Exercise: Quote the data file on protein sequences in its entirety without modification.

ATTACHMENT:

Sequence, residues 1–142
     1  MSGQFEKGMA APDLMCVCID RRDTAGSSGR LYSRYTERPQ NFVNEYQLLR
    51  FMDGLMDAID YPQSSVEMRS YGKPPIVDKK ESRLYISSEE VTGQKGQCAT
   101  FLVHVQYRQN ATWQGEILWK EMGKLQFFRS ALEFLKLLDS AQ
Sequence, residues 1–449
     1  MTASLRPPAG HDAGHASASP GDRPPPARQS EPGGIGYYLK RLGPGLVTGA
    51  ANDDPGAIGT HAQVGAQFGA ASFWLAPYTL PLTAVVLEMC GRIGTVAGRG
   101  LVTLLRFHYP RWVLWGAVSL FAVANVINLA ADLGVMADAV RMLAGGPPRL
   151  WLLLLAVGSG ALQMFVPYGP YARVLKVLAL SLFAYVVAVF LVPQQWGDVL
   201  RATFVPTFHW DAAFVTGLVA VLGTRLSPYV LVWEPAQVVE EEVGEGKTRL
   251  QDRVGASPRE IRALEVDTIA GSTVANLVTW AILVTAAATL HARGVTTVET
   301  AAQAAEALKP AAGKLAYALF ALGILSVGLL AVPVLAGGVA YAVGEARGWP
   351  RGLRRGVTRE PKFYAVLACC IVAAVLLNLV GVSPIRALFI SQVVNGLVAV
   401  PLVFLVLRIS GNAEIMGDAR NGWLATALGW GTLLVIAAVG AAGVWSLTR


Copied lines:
Sequence, residues 1–142
     1  MSGQFEKGMA APDLMCVCID RRDTAGSSGR LYSRYTERPQ NFVNEYQLLR
    51  FMDGLMDAID YPQSSVEMRS YGKPPIVDKK ESRLYISSEE VTGQKGQCAT
   101  FLVHVQYRQN ATWQGEILWK EMGKLQFFRS ALEFLKLLDS AQ
Sequence, residues 1–449
     1  MTASLRPPAG HDAGHASASP GDRPPPARQS EPGGIGYYLK RLGPGLVTGA
    51  ANDDPGAIGT HAQVGAQFGA ASFWLAPYTL PLTAVVLEMC GRIGTVAGRG
   101  LVTLLRFHYP RWVLWGAVSL FAVANVINLA ADLGVMADAV RMLAGGPPRL
   151  WLLLLAVGSG ALQMFVPYGP YARVLKVLAL SLFAYVVAVF LVPQQWGDVL
   201  RATFVPTFHW DAAFVTGLVA VLGTRLSPYV LVWEPAQVVE EEVGEGKTRL
   251  QDRVGASPRE IRALEVDTIA GSTVANLVTW AILVTAAATL HARGVTTVET
   301  AAQAAEALKP AAGKLAYALF ALGILSVGLL AVPVLAGGVA YAVGEARGWP
   351  RGLRRGVTRE PKFYAVLACC IVAAVLLNLV GVSPIRALFI SQVVNGLVAV
   401  PLVFLVLRIS GNAEIMGDAR NGWLATALGW GTLLVIAAVG AAGVWSLTR